Cross price elasticity of demand is the percentage change in the demand for one product when the price of a different product changes. The formula is:
Percentage change in demand of one product
Percentage change in price of a different product
If there is no relationship between the two products, then this ratio will be zero. However, if a product is a valid substitute for the product whose price has changed, there will be a positive ratio - that is, a price increase in one product will yield an increase in demand for another product. Conversely, if two products are typically purchased together (known as complementary products), then a price change will result in a negative ratio - that is, a price increase in one product will yield a decrease in demand for the other product.
Here are examples of different ratio results for the cross price elasticity of demand:
Positive ratio = When the admission price at a movie theater increases, the demand for downloaded movies increases, because downloaded movies are a substitute for a movie theater.
Negative ratio = When the admission price at a movie theater increases, the demand at the nearby parking garage also declines, because fewer people are parking there to go to the movie theater. These are complementary products.
Zero ratio = When the admission price at a movie theater increases, the demand at a nearby furniture store is unchanged, because the two are unrelated.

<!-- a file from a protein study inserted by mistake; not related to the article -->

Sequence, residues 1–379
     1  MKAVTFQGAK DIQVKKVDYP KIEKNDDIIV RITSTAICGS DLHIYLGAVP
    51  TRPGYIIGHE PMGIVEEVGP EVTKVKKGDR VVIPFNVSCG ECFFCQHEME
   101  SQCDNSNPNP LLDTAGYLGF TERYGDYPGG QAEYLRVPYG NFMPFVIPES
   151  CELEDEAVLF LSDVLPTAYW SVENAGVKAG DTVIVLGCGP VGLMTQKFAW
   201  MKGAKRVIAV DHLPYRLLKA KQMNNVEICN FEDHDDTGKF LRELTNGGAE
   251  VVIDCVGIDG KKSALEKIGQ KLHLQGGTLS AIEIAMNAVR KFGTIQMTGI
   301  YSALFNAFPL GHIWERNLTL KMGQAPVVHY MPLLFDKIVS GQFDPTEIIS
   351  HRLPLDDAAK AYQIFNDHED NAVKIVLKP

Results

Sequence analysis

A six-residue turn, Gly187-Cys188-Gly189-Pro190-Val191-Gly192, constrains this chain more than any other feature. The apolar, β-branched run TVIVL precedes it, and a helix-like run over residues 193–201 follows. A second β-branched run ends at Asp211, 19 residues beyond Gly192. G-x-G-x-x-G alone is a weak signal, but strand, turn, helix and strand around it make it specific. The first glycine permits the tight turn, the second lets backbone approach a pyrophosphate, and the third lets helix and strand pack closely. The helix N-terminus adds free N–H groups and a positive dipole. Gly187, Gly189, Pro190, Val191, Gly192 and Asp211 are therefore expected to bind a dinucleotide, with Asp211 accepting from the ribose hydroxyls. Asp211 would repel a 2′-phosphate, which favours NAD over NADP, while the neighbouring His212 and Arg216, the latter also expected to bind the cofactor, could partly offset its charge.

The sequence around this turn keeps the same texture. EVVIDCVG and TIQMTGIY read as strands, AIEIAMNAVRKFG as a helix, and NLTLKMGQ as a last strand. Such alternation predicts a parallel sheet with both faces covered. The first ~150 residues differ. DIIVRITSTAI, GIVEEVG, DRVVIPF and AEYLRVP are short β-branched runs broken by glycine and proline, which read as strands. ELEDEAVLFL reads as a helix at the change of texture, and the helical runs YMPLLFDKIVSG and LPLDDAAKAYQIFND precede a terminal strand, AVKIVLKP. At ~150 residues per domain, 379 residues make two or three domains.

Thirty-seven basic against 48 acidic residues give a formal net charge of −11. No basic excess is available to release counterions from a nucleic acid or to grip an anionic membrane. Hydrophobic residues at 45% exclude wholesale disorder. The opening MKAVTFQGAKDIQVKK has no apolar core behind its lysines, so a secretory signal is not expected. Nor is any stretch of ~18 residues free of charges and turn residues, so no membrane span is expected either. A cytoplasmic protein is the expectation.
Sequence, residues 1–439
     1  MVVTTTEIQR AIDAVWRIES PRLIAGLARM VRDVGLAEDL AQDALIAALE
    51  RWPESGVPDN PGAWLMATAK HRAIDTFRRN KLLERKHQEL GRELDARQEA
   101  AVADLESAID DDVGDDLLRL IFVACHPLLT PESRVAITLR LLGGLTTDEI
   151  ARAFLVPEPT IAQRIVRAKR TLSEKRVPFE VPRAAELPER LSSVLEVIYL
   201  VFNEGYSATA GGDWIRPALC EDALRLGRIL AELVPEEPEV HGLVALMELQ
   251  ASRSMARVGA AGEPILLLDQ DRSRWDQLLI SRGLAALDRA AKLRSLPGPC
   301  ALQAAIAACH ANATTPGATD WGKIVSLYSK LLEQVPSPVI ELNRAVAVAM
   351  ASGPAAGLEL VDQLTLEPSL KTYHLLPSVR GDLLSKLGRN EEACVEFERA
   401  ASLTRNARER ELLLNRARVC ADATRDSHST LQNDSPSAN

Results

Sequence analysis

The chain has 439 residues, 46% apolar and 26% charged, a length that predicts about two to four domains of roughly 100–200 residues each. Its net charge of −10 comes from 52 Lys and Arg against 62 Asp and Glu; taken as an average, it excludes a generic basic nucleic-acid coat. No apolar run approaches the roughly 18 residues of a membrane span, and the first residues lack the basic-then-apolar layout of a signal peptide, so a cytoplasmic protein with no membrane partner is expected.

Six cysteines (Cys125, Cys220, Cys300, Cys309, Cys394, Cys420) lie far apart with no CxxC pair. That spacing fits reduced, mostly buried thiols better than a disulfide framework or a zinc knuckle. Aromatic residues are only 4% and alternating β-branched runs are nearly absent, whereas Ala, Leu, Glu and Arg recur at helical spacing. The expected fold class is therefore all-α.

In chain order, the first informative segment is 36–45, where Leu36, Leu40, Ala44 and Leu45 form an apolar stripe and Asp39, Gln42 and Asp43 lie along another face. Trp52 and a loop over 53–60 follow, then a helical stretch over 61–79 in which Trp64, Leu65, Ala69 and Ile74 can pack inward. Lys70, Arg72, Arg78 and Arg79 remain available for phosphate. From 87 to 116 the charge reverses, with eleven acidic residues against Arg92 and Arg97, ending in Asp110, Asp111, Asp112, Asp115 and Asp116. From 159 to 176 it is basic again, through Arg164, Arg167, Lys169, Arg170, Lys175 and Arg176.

When there is a strong complementary relationship between two products, then a price increase for one product will have a strong negative impact on the other product. Similarly, if there are two close substitutes, a price increase for one product will have a strong positive impact on the other product.
A company can use the concept of cross price elasticity of demand in its pricing strategies. For example, the food served in a movie theater has a strong complementary relationship with the number of theater tickets sold, so it may make sense to drop ticket prices in order to attract more movie viewers, which in turn generates more food sales. Thus, the net effect of lowering ticket prices may be more total profit for the theater owner.
A business can also use heavy branding of its product line to mitigate the substitution effect. Thus, by spending money on advertising, a business can make customers want to buy its products so much that a price increase will not send them out to buy substitute products (at least not within a certain price range).